This slim work by Kagan (Carnegie Endowment for International Peace) ought to be required reading within the Bush administration as it attempts to patch together a multinational coalition to unseat Saddam Hussein. In a beefed-up version of his seminal 2002 article in Policy Review, Kagan argues that the United States and Europe no longer inhabit the same universe where power politics is concerned. Power, then, lies at the heart of the transatlantic culture war. Americans have it-making them a target and priming them to use it to address foreign threats. Europeans don't have it, and, judging by their trifling defense budgets, don't want it. Operating from a "psychology of weakness," says Kagan, Europeans place their faith in diplomacy, international law, and international institutions-both to come to grips with the Saddams of the world and to rein in what they see as the excesses of the world's remaining superpower. It behooves American officials to try to bridge this gap in perspectives. This brilliant and controversial work belongs in all library collections.-James R. Holmes, Univ. of Georgia Ctr. for International Trade & Security, Athens Copyright 2003 Reed Business Information.
Kirkus Reviews
Former diplomat and current conservative think-tanker Kagan (A Twilight Struggle: American Power and Nicaragua, 1996) rehashes an argument he originally offered in 2001 in 'Policy Review'. That argument goes like this: During the Cold War, the developed world fell into two camps, one dominated by the US, the other by the Soviet Union. The former had need "to preserve and demonstrate the existence of a cohesive ‘West,’ " and so political divisions between, say, Germany and the US tended to be muted, at least on an official level. Though it begs for a united front of defense, today’s common enemy--Islamic fundamentalism--does not demand the same coherence, which allows Europe to turn away from superpower big-stick formulas, to move "beyond power into a self-contained world of laws and rules and transnational negotiation and cooperation." The US, conversely, is settling into its role as the world’s sole superpower, able to accomplish at least some of its tasks in the "anarchic Hobbesian" world by virtue of its military might. Europe, of course, benefits from this situation, even while clucking its tongue and attempting to "control the behemoth by appealing to its conscience," which Kagan considers to be a pretty good strategy that usually works. The upshot? Interpretations may vary, but Kagan offers a genteel solution for both sides: Europe should let us do what we must to keep the peace, recognizing that "we have only just entered a long era of American hegemony." And America shouldn’t try to bully Europe into accepting the unpalatable, and perhaps even listen to our putative allies from time to time. Though he’s capable of concocting a memorable sound bite, Kagan develops his nuancedargument with an appreciation for why Europeans are not now lining up alongside us to give Saddam a good thrashing. Good reading for policy wonks who missed the original article, of a piece with recent arguments for the virtues of American imperialism.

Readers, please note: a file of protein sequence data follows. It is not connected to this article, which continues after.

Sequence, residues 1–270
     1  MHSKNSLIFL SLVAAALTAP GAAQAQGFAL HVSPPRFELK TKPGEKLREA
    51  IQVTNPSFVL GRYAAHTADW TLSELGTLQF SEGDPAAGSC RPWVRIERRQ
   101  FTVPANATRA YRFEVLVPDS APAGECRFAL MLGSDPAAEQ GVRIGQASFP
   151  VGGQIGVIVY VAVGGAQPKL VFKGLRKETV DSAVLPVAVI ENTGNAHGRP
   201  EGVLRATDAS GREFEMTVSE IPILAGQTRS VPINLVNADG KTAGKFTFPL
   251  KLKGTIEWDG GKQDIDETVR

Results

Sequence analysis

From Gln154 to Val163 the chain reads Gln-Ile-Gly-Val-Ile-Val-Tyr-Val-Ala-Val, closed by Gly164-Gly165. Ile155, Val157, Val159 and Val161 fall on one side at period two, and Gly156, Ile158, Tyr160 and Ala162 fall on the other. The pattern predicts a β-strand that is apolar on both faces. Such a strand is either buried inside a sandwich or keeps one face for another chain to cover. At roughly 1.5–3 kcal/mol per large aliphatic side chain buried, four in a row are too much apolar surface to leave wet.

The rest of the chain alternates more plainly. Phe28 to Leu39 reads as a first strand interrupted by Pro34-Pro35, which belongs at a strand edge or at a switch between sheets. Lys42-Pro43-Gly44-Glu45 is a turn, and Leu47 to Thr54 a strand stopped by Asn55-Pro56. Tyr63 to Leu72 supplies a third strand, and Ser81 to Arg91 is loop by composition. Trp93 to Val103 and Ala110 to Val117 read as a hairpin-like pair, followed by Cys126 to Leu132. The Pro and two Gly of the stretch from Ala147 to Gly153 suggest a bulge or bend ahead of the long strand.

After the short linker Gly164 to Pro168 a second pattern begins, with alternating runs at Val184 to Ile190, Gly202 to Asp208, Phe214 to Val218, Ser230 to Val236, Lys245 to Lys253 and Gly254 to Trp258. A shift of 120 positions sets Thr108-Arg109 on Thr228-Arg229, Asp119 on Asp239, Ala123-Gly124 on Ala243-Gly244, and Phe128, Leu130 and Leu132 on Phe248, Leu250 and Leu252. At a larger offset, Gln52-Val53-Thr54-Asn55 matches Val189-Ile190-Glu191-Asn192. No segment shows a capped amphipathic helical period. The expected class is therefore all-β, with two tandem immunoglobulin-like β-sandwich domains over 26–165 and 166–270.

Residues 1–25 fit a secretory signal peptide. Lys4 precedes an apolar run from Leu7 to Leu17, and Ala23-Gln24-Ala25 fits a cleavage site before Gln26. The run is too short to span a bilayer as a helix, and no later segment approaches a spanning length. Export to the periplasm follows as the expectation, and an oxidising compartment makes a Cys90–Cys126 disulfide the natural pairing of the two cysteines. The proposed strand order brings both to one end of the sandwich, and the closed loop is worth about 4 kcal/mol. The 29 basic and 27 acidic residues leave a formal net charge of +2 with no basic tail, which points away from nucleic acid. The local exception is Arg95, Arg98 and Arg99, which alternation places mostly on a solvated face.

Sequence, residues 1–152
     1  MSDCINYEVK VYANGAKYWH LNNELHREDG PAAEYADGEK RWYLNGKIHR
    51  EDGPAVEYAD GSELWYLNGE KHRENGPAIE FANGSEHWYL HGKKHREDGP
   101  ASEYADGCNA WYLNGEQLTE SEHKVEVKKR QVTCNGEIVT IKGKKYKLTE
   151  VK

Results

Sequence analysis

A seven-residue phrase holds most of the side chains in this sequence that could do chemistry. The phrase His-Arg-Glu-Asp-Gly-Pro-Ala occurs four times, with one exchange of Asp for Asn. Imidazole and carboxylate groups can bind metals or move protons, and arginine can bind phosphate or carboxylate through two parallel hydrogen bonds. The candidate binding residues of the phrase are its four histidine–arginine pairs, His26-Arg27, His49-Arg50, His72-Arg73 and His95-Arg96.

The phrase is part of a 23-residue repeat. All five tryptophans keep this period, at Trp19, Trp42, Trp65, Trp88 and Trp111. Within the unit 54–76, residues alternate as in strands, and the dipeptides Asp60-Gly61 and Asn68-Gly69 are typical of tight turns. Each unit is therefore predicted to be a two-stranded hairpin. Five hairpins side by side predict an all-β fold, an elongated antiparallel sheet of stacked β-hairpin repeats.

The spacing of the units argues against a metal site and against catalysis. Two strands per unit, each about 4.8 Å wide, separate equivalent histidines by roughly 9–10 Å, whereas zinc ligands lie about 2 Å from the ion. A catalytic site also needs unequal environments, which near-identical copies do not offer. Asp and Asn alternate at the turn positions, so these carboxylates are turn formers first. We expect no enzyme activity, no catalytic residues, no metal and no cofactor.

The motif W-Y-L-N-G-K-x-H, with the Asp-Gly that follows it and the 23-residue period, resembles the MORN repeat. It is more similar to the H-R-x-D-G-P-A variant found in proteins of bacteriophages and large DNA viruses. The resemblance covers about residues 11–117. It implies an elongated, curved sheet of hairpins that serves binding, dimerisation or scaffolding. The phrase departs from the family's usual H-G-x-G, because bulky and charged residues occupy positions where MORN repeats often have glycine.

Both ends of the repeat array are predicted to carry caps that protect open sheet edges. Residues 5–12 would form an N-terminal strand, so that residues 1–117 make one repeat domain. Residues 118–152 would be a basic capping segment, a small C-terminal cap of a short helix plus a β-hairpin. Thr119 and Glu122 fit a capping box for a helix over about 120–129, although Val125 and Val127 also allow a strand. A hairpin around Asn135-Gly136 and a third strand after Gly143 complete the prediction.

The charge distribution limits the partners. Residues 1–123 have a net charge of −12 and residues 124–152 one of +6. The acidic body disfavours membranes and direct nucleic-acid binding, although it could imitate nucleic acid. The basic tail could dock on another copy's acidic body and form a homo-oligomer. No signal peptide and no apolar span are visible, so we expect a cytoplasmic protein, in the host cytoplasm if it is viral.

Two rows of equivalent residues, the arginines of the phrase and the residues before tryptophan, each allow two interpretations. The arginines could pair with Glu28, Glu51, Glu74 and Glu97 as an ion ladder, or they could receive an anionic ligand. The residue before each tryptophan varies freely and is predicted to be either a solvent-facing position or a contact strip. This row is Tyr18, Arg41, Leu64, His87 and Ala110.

From the Publisher
“Kagan is an ideal position to dissect what is wrong in the United States-European relationship and why. He does so with a surgeon’s skill, stripping away layer after layer to reveal what in the end is a remarkable conclusion.” —The New York Times

“A compact and arresting book. . . . Highly readable. It is also a hard-hitting, unsentimental and yet liberal and humane manifesto.” —The Sunday Times (London)

“Lucid and elegant. . . . It is hard to imagine any future serious discussion of trans-Atlantic relations or America’s role in the world without reference to [Of Paradise and Power].” —The New York Times Book Review

“Kagan is one of America’s finest commentators on issues of foreign policy. He writes elegantly, has an excellent command of history and consistently demonstrates superior intelligence and insight. . . . This book could not have been more timely.” —Los Angeles Times Book Review

“I consider this one of those seminal treatises without which any discussion of European-American relations would be incomplete and which will shape that discussion for years to come.” —Dr. Henry Kissinger